This extension lets you debug and preview HLSL & GLSL shaders in Visual Studio Code. It requires at least SHADERed v1.5.3. You can watch a YouTube video on how to get started with this extension: https://www.youtube.com/watch?v=3VGN8r88Pkk
Table of Contents
Debugging HLSL & GLSL shaders
With this extension you can debug both HLSL and GLSL shaders. Once you've opened your project, select a pixel by clicking on it. SHADERed will pause the preview and you will be able to pick the shader stage that you'd like to debug. You can debug vertex, pixel, geometry, compute & tessellation control shaders. To start the actual debugger, click on the "play" button. You will now be able to:
Besides debugging, you can also see your shader's output as you edit the code. When you save your changes to a file, SHADERed will automatically detect them and recompile the shaders.
You can add watches through Visual Studio Code's user interface. Watches will tell you the value of your expression. The value will be updated as you step through your shader's code. You can also see list of all variables and their values.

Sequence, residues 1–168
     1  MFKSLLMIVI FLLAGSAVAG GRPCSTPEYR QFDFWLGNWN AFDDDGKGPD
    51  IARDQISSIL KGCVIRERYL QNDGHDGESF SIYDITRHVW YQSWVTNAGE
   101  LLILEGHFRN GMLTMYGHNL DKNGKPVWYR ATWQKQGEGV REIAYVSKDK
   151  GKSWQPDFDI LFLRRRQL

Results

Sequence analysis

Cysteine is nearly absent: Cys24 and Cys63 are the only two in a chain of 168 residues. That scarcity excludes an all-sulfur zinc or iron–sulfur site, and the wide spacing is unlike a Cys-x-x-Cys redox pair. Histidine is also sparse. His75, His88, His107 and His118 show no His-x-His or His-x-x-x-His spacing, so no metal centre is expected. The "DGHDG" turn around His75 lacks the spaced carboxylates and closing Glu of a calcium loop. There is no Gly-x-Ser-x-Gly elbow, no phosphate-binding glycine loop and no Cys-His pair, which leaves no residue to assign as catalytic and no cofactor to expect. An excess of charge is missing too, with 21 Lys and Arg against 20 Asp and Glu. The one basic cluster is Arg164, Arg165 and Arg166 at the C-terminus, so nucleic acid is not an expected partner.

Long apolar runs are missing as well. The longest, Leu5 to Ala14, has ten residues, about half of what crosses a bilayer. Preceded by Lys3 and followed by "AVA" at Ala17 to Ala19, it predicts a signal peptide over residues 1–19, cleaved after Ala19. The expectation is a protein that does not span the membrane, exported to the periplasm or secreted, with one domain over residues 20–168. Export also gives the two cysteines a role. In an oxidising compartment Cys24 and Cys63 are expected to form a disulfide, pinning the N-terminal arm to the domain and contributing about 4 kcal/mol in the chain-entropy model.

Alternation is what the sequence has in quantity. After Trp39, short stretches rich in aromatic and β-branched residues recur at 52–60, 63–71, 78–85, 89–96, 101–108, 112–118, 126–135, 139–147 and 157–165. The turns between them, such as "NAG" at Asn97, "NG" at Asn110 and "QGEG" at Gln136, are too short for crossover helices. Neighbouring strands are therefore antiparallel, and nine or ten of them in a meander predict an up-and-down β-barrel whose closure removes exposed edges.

Run immediate expressions
If you want to see the result of an expression without having to add it as a watch, you can enter the custom expressions in VS Code's
You can add breakpoints to your shaders. The debugger will pause the execution when it hits the breakpoint. These breakpoints can also have a condition (the debugger will only pause when the condition has been met)
Inline values & hover
If you've got the
Debugging geometry shaders
Besides vertex and pixel shaders, you can also debug geometry shaders. A window showing GS output will open when you start the geometry shader debugger.
Debugging compute shaders
Debugging compute shaders with this extension is somewhat limited. There's currently no way to start debugging a specific thread (though, this can be done through standalone SHADERed). You can only initiate the CS debugger through the so-called "suggestions" (these suggestions are predictions made by SHADERed):
How to setup
After you install the extension, you need to tell VS Code the location of your SHADERed executable (you have to have SHADERed downloaded for this extension to work!).
You can do this by going to the settings (
Now that VS Code knows the location of SHADERed, open a directory/workspace which contains a SHADERed project file (
and then press the F5 key.
If you want to compile this extension by yourself, run these commands:
Open project's directory with VS Code and hit
vscode-shadered is licensed under MIT license. See LICENSE for more details.